The most striking thing about “Heroic” is the way it is shot. Most of its scenes are filmed statically and distant as if the camera is a passive bystander to what is happening in front of it. There are also no cuts in-between scenes – even when characters are moving from one area of the set to another, the camera follows and sticks with them even after they’ve reached their destination. This isn’t even talking about how in wide shots, the camera is positioned to make the actors look small and insignificant in the giant outdoor school.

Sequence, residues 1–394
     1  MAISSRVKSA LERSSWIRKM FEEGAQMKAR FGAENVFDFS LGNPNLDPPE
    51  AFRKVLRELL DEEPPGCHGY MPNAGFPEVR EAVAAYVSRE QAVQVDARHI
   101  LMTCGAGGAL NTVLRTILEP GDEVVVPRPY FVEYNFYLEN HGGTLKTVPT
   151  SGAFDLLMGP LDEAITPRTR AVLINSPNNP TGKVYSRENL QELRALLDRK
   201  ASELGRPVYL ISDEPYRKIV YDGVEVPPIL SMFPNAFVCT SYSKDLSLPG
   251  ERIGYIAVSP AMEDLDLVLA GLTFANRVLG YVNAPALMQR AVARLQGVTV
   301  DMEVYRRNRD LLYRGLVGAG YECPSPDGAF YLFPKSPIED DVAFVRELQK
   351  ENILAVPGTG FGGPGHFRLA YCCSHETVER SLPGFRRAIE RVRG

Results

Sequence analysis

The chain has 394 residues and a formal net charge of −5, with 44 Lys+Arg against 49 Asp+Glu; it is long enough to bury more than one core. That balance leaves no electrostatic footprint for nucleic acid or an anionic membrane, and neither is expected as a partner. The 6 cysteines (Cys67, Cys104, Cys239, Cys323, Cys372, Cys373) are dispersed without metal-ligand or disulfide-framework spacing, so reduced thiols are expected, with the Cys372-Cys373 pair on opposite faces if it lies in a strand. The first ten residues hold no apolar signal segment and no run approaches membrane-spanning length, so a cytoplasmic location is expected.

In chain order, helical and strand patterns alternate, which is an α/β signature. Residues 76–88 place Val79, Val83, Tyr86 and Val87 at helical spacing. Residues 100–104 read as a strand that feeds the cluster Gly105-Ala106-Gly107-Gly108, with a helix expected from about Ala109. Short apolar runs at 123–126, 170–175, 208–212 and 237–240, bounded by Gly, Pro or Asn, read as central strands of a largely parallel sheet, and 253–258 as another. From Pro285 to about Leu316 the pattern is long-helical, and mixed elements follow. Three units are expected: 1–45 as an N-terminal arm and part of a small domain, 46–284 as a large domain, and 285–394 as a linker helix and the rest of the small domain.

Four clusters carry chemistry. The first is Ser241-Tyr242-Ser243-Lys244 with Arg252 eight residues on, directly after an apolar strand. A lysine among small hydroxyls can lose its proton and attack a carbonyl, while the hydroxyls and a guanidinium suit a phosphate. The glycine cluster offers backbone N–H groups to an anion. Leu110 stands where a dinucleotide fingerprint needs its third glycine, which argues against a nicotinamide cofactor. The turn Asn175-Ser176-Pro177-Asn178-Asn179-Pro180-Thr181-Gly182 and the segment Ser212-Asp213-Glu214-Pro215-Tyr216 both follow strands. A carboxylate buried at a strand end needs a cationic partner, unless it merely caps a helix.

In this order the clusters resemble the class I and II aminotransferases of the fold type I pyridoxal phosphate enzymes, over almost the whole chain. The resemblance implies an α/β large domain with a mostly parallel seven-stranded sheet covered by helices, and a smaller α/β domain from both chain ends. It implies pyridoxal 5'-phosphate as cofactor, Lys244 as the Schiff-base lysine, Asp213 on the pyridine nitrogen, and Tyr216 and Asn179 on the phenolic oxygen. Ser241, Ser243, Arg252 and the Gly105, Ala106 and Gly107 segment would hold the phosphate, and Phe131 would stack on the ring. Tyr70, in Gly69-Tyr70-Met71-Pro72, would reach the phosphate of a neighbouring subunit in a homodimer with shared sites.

The intensity of the film’s cinematography is the work of Carolina Costa, and it would not have worked nearly as much as it did without her. The cinematography strikes that perfect balance between invasive and distant, knowing but restrained, which perfectly fits the film’s themes. It serves as a visual representation that every superior at the Heroic Military College knows their sins but chooses to fuel them rather than stop them. Couple that with Zonana’s tight direction and the perpetually-murky college surroundings, and you’ve got a setting that, while never actually changing throughout the film, only gets more distressing as time wears on.